Throughout 2016, via a series of exhibitions, performances, films and gigs, Punk.London is celebrating the 40th anniversary of the birth of the movement that changed everything — politics, art, fashion, culture and music. The Forumist talked to graphic-design innovator Neville Brody about why London was, and still is, the best place to experience its spirit
“Growing up in London during the whole punk thing gave people like myself opportunities to come up with ideas and to try out things that probably wouldn’t have been possible anywhere else,” says Neville Brody.
Perhaps best know for his seminal work during the 1980s as art director for UK magazines The Face and Arena, Brody began his graphic design course at London College of Printing in 1976. He talks of the spirit of experimentation and energy that came from the punk movement during his early years as a graphic designer, and how that energy influenced the work that he and his peers were doing.
“There were so many ‘bedroom’ record labels that popped up, and someone would always ask if I could do an album cover or a poster or something,” says Brody. “There was space to do things and to question the way things were done through the design work. At that time, it felt more like we were inventors than designers. London was the best place for that.” Through his contact with small, new, independent record labels, he designed record covers for many of the bands that defined that moment in time, including Cabaret Voltaire, 23 Skidoo and Throbbing Gristle.
While much was happening creatively in London during this period, Brody also looked to the bande dessinée comic book culture of Paris for inspiration. “There was this group in Paris called Bazooka, and they were a big influence on my work, along with dadaism,” he says. Bazooka was a group of seven core members, all graphic artists studying at the École des Beaux-Arts in Paris. Instead of forming a band, as many art students did at the time, Bazooka instead played with visual-art codes and deconstructed graphic design to provoke audiences and start political dialogues through their work.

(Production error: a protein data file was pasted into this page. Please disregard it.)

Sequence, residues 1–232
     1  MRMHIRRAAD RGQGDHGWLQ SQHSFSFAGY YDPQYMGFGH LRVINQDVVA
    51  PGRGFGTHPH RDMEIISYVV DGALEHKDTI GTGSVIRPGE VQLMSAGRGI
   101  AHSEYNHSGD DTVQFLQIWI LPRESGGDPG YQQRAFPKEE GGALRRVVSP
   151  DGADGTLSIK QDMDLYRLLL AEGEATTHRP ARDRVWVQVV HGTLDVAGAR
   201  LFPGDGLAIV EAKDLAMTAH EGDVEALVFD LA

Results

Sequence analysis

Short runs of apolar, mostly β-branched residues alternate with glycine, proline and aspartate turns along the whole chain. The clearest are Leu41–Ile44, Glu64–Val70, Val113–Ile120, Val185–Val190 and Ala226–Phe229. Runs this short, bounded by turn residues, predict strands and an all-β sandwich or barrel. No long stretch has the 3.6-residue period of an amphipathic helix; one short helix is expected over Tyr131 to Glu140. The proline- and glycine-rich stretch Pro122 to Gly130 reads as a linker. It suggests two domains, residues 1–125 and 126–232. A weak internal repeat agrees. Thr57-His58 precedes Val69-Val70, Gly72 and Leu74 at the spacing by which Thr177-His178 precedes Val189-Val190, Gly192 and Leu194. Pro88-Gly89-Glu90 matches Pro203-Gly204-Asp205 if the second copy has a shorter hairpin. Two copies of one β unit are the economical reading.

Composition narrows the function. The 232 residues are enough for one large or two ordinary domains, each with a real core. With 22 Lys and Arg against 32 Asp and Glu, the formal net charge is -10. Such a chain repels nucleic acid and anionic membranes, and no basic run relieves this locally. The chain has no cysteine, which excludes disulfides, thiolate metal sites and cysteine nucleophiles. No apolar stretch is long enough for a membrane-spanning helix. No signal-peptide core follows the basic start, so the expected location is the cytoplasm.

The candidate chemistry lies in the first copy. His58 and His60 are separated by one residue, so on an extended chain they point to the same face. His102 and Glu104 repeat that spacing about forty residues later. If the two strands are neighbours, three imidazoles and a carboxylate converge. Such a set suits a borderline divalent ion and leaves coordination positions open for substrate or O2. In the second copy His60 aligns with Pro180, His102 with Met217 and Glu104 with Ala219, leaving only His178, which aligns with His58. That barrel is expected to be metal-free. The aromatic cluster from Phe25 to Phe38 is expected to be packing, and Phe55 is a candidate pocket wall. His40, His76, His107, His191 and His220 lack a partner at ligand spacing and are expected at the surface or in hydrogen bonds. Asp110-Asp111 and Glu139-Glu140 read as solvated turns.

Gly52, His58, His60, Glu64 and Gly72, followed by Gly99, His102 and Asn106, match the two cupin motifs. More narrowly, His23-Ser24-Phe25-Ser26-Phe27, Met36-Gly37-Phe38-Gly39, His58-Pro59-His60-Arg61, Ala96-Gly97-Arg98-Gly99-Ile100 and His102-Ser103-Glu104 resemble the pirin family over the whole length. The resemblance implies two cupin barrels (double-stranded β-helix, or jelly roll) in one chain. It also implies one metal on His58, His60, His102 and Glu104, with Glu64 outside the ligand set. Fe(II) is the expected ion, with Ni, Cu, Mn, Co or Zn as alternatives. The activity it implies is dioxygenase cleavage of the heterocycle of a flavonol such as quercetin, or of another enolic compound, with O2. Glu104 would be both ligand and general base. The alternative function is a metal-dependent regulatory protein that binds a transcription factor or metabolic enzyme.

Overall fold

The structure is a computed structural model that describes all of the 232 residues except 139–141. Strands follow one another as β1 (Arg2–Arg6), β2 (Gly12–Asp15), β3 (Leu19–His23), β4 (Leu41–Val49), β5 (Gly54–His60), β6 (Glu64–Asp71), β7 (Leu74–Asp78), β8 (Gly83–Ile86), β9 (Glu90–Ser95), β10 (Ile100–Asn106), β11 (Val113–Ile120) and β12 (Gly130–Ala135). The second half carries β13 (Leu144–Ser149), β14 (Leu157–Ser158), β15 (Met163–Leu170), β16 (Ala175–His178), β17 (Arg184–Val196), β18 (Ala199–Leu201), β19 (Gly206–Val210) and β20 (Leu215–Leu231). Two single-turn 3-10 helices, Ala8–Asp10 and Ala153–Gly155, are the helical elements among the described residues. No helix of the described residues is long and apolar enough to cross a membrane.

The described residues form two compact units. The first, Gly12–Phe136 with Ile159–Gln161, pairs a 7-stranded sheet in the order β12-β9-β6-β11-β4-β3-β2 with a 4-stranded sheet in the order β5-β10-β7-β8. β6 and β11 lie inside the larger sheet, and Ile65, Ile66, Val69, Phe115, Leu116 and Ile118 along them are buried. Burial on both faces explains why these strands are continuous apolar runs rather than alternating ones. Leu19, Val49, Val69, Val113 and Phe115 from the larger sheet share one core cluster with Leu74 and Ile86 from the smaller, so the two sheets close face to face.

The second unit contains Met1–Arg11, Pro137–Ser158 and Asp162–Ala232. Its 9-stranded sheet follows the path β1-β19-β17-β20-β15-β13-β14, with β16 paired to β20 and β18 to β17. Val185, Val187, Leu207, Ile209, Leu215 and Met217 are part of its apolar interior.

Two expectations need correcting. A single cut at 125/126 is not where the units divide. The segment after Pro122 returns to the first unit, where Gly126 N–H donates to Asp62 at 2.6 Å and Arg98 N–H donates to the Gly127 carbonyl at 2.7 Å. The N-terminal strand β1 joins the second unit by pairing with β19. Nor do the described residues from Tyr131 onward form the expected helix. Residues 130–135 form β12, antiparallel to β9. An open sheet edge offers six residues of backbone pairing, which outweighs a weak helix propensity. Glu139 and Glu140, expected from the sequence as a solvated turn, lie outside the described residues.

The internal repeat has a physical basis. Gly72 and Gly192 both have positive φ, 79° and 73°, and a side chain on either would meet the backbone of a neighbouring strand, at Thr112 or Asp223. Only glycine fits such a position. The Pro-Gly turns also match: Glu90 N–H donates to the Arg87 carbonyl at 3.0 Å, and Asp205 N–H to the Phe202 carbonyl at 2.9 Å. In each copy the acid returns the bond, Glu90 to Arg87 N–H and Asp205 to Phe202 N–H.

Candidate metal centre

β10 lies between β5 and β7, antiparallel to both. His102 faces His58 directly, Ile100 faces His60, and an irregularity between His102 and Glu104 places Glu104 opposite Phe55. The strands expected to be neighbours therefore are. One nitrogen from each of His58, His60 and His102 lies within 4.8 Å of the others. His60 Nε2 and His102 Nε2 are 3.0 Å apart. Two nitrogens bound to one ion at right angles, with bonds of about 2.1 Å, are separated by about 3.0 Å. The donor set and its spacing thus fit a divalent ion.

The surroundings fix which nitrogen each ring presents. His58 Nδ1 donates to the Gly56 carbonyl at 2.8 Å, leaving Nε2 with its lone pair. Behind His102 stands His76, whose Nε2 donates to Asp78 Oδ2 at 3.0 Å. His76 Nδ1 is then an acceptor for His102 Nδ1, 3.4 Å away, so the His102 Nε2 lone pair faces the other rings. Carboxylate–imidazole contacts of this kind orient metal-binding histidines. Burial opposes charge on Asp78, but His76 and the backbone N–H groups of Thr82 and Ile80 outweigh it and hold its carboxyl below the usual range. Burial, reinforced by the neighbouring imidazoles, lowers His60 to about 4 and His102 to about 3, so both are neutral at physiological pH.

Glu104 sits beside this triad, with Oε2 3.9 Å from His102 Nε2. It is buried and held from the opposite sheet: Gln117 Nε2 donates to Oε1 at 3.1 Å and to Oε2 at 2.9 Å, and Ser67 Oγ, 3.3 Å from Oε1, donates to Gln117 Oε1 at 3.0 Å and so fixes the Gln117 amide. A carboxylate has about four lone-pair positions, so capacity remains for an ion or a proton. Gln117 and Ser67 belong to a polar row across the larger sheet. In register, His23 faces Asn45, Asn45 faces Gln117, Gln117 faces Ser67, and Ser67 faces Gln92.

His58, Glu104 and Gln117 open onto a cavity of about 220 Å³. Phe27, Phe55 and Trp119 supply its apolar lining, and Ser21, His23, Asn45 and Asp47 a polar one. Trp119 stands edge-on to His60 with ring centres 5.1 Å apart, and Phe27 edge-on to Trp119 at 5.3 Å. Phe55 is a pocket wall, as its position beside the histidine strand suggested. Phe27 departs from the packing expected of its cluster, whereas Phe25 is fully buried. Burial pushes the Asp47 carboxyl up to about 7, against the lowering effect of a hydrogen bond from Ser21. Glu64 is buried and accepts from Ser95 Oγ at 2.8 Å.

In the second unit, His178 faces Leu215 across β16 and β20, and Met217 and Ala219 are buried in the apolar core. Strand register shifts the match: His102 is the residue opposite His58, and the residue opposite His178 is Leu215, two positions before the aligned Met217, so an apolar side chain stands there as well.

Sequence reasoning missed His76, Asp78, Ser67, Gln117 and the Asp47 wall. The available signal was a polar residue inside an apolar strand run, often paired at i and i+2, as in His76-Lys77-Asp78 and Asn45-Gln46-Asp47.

Finding ways to question the status quo, and to rebel against it, still intrigues Brody today. “I have always tried to challenge myself and disrupt, rethink and change. Trotsky had the idea of permanent revolution, and for me I don’t want to settle down, because the minute you do, the work becomes a formula. I like the idea that nothing is ever finished,” he says.
He doesn’t agree with those who say the attitude that created punk is dead. “But it doesn’t represent the same danger it once did,” he says. “The massive explosion from that time, in music and politics, was something quite different – Beyoncé at the Super Bowl isn’t quite the same thing, is it? At the time, people really felt threatened by the disobedience. Many saw the punk movement as the work of the devil or a black hole appearing in society. Groups of people tried to shut it down. What movement has that power today? What groups can claim to engage in truly subversive political action?”
Brody believes that London is an incredible place for young art, and that the music scene still has plenty to offer. “There’s a real energy in the city,” he says. “Though, there is new energy coming from different places, and the most recent big bang of punk influence is continuing.
I do wonder what’s next – perhaps Mexico might be happening, or Guangzhou, or Lagos, Accra, Beirut or somewhere in India.”
Of course, one significant change in the past 40 years is the internet. He sees it offering access to “so many more places, making it possible to see everything”. For him, this means that, culturally, there is a more level playing field. “But the downside of the internet is that local complexities are replaced by global consensus. That’s why punk is so vibrant and
still relevant. Individual expression meant that anything was possible. Anything was possible, and the fact was, we really could do anything. We didn’t reinvent the wheel. We invented new wheels.”
Words by Tsemaye Opubor
1 Punks attracting attention from tourists at Trafalgar Square, London, 1980. ©Chris Parker & PYMCA
2 Unknown, London ©Janette Beckman & PYMCA
3 Punks hanging out on the Kings Road, London, 1983. ©Ted Polhemus & PYMCA
4 A punk with a mohican, Kilburn National, London, 1989. ©Adam Friedman & PYMCA
5 Blondie’s Debbie Harry performing at The Roundhouse, London, 1977. ©Philip Grey & PYMCA
6 Siouxsie and the Banshees at the 100 Club, 1978 © Derek RidgersCourtesy The Photographers’ Gallery